Novelist Ayelet Waldman - Daughter's Keeper, Love and Other Impossible Pursuits

* Do you ever struggle with the constraints of monogamy? Do your happily married friends? Is monogamy a precondition for a happy marriage? Can one or both parties screw around and the marriage still be good? Even if one is honest, can one, married or single, screw around without wreaking damage? Is there a cosmic significance to intercourse?

No, I don't. I'm in love with my husband, he's in love with me, and neither of us has any interest in a relationship with anyone else. That's what works for us, I imagine any number of different rules might apply to other people's marriages.

* What were your keenest dreams for your life when you were a kid? How many of them have you fulfilled?

I wanted to be an actress. A Broadway star. I would say that that has not worked out at all.

* What crowd did you hang out with in highschool?

Mostly, I had no crowd. I was one of those girls huddled alone in the lunchroom picking spinach out of their braces. Then, once I reached a certain age, I got involved with the theater company, and found a home in that particular group of delightful misfits.

* Do you find your work therapeutic? If so, which part of your work?

When work is going well, it is the most exciting, fun thing in my life. It makes me happy. When it's not going well, but I still manage to get 1000 or 1500 words in a day, I feel a sense of accomplishment that eases my day. When I don't work, I'm a nightmare to be around.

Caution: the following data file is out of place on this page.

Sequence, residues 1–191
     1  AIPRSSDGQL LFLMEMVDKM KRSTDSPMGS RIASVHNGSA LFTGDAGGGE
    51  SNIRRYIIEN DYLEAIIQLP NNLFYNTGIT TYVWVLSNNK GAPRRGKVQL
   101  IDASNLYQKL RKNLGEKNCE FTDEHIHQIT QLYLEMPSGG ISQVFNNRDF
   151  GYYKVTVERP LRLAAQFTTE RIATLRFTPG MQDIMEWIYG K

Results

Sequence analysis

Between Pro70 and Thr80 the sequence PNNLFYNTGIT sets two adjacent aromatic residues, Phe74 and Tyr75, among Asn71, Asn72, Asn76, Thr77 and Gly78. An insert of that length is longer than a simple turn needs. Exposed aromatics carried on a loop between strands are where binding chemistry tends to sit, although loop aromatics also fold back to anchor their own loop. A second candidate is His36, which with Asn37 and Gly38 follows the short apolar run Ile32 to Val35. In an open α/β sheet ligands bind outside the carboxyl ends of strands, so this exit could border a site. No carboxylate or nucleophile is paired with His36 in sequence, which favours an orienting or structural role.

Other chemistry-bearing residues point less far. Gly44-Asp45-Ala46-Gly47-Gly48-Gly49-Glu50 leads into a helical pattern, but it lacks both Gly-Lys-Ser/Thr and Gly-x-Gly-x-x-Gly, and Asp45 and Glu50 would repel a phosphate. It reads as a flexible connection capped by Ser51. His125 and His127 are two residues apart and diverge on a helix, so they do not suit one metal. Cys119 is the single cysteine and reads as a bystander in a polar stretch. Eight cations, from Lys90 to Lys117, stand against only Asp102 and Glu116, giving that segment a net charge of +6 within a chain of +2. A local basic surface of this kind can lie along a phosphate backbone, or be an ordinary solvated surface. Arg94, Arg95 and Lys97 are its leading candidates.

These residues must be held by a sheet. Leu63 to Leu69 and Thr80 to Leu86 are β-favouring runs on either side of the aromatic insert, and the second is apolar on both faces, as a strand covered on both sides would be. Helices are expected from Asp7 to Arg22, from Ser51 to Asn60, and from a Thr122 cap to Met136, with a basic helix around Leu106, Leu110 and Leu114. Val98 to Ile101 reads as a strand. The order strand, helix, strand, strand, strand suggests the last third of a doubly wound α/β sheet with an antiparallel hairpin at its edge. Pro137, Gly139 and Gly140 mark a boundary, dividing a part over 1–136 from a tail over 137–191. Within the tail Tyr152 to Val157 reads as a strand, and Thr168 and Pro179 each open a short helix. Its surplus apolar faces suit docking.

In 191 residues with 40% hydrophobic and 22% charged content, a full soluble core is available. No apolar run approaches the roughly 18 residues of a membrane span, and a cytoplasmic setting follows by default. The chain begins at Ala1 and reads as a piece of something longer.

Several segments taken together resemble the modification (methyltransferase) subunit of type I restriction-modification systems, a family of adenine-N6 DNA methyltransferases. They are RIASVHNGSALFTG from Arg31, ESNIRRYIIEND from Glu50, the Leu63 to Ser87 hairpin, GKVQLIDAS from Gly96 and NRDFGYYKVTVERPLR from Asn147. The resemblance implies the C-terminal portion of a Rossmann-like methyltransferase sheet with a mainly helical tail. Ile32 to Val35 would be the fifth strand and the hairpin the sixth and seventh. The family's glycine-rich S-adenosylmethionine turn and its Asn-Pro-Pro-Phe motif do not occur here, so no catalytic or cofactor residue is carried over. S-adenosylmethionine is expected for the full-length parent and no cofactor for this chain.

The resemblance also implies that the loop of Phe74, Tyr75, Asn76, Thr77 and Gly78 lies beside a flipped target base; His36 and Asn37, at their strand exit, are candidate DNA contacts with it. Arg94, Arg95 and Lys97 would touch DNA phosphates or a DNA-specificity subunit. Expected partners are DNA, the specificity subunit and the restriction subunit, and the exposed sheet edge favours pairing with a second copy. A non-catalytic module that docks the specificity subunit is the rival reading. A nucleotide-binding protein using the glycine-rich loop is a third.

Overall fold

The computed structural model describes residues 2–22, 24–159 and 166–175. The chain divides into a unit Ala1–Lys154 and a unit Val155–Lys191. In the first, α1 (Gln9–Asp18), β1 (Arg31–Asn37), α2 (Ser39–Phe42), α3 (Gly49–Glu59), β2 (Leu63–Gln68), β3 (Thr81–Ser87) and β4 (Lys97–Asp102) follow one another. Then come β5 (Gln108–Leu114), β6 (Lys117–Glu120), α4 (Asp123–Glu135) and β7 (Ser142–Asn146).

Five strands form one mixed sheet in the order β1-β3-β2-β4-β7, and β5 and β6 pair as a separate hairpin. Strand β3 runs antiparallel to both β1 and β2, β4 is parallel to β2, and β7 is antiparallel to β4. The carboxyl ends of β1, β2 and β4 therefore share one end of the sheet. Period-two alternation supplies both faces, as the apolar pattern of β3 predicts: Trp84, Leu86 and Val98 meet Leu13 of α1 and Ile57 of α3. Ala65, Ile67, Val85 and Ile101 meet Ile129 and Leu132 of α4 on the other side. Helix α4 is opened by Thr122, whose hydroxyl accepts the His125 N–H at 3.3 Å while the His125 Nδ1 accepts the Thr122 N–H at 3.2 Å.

* Do you ever feel keen jealousy of other writers, including your husband? If so, who? Why?

Of other writers, sure. Writers are a squirrely lot who generally endorse the Oscar Wilde prescription for happiness. It is not enough that I succeed, my friends must also fail. So sure, I get jealous when some hot new writer sells a million copies of a book or debuts on the front cover of the book review. I feel absolutely no jealousy toward my husband. It would be ludicrious to. He is one of the finest writers in the English language of the last hundred years. People will be reading Michael long after the rest of his contemporaries have moldered into dust on the shelves of the library of Congress. If I'm jealous of anything, it's only of his genious.

* What's the story of you and God? What role does Judaism play in your life? Do you believe yourself chosen by God for something? If so, what? What do you find inspiring/depressing about Jewish life?

I don't spend much time thinking about God.Judaism permeates my life, but not necessarily religiously, more because of family, tradition, etc. What depresses me? Opening the newspaper. Israel depresses me.

* Which is more important to you? Writing a great novel or having a great marriage? (Many of the single female writers I interviewed got angry at that question.)


* 'Literary' often seems to be a code word for the genre of despair. Are there forces that push our best writers to despair as their theme? Is it cool (among literary writers) to be alienated and despairing? If a despairing book contributes to somebody's suicide, is the author partially on the hook? Do you ever view books as moral or immoral (DeSade or Nabokov's Lolita)?